The global health emergency has highlighted the importance of remote interpretation. We all know that because of interpreters, patients around the country have continued to receive lifesaving medical attention remotely. We have also seen many interpreters make the jump from in-person interpreting to remote interpreting because of the shutdowns that took place almost a year ago.
Our quality assurance team has been sharing tips on how to make the transition smoother for those who are newer to remote interpreting (see: How to Prepare for a Remote Interpreting Session Like an Expert). We want to continue to build on those tips by diving into specific situations that may come up in medical interpreting calls. In this post, we want to turn our focus to medical questionnaires.
What are medical questionnaires?
If you are a seasoned medical interpreter, you have probably provided interpretation assistance during a preoperative consultation or a post-surgery appointment that follows up on the patient’s procedure outcome. These interactions can include medical questionnaires — a series of detailed medical questions that look for very specific information about the patient’s condition and medical history.
Because the provider often reads these questionnaires out loud, it may be especially challenging to look up unknown medical terms or even keep up with the pace of the questions being asked.
Our QA team recently put together some considerations to keep in mind during these calls. We hope these tips will help you navigate these call with ease and precision.
Sometimes medical questionnaires are fast-paced interactions between the medical provider and the patient. This is why, even for the most seasoned medical interpreter, it can be challenging to keep up with it all. However, it is important to slow down. Interpreters must have some time to process the information accurately and completely. Luckily, you can rely on interpreter protocol to request shorter segments presented at a slower pace. Just simply ask.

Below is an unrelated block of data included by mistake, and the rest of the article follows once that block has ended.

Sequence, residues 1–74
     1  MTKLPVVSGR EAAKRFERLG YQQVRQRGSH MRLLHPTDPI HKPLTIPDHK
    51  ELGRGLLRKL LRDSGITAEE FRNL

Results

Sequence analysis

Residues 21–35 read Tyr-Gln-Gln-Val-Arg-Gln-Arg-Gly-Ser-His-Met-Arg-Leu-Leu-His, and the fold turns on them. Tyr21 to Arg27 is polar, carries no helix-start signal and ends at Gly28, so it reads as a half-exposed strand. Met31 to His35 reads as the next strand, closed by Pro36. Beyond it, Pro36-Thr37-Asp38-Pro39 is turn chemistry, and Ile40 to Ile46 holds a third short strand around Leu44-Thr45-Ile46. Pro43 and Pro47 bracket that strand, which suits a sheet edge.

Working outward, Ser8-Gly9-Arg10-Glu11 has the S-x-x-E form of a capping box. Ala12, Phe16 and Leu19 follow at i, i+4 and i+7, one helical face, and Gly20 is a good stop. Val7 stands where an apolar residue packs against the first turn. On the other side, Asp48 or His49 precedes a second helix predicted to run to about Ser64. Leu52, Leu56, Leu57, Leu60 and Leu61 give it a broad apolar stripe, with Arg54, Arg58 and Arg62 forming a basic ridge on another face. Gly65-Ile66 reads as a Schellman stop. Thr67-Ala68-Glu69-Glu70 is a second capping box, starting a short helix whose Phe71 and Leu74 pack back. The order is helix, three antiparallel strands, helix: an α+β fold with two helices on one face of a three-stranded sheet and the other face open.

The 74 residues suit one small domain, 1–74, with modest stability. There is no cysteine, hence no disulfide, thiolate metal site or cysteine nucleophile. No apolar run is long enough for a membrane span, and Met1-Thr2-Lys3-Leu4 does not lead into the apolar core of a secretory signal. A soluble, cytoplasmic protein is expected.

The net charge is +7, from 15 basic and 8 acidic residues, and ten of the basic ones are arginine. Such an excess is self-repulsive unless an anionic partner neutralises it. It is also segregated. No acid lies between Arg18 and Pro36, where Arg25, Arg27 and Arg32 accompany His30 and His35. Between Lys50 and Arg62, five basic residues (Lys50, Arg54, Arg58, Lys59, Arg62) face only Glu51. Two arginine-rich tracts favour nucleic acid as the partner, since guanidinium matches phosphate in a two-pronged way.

Example: “This is the interpreter speaking. Would you please provide the information in shorter segments for accuracy of interpretation?”
Remote medical interpreters don’t always have a full picture of the patient’s medical history. In fact, for widely spoken languages, like Spanish, multiple interpreters may have helped a patient during one specific medical event. This is why interpreters should always remain neutral and avoid any assumptions about the patient’s condition or plan of care.
Interpreters should avoid redirecting the patient to answer in a specific format (e.g., yes or no), and should also avoid asking the patient to stay on subject if they decide to go off topic or provide redundant information. Remember only the provider with the full medical picture can decide what information is redundant and what information is relevant.
Medical interpreters, by nature, want to help, but the extent of their assistance should be limited to language expertise and culture brokering.
Pay attention to the details
The goal of medical questionnaires is to gather important medical information in order to inform a patient’s treatment. Medical interpreters help achieve this goal by remaining accurate at all points in the conversation. Because these interactions will typically include medical conditions, medication names and dosages, and care instructions, interpreters should have their tool kit ready for use at any given moment during the call.
Clarify any information or medical term that you are not sure about. It’s never OK to skip a condition or a medication name. Instead, ask for a spelling when needed, and look up information quickly and effectively by having your online glossaries bookmarked and ready to go.
Most importantly, don’t be afraid to use interpreter protocol when you are unfamiliar with a term. This can happen to anyone. Follow the suggestions below for unknown medical terminology:
“This is the interpreter. Please allow me a moment to look up a term.”
“This is the interpreter. Would you kindly spell that for me?” (Look up the word as it’s being spelled out to you.)
Developing these skills will take many hours of practice and self-assessment, but once you’ve learned them, you will be able to handle almost any situation that you encounter as a remote medical interpreter.